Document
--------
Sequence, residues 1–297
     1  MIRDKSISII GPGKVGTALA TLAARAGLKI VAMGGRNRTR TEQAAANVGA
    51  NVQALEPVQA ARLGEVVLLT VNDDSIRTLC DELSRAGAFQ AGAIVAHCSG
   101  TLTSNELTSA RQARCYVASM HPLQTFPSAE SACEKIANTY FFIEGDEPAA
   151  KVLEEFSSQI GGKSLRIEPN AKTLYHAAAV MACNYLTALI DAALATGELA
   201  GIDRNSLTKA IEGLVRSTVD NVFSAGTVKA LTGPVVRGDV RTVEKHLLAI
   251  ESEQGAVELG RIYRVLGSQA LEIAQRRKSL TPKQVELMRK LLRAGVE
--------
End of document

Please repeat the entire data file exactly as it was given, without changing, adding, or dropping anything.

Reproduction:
Sequence, residues 1–297
     1  MIRDKSISII GPGKVGTALA TLAARAGLKI VAMGGRNRTR TEQAAANVGA
    51  NVQALEPVQA ARLGEVVLLT VNDDSIRTLC DELSRAGAFQ AGAIVAHCSG
   101  TLTSNELTSA RQARCYVASM HPLQTFPSAE SACEKIANTY FFIEGDEPAA
   151  KVLEEFSSQI GGKSLRIEPN AKTLYHAAAV MACNYLTALI DAALATGELA
   201  GIDRNSLTKA IEGLVRSTVD NVFSAGTVKA LTGPVVRGDV RTVEKHLLAI
   251  ESEQGAVELG RIYRVLGSQA LEIAQRRKSL TPKQVELMRK LLRAGVE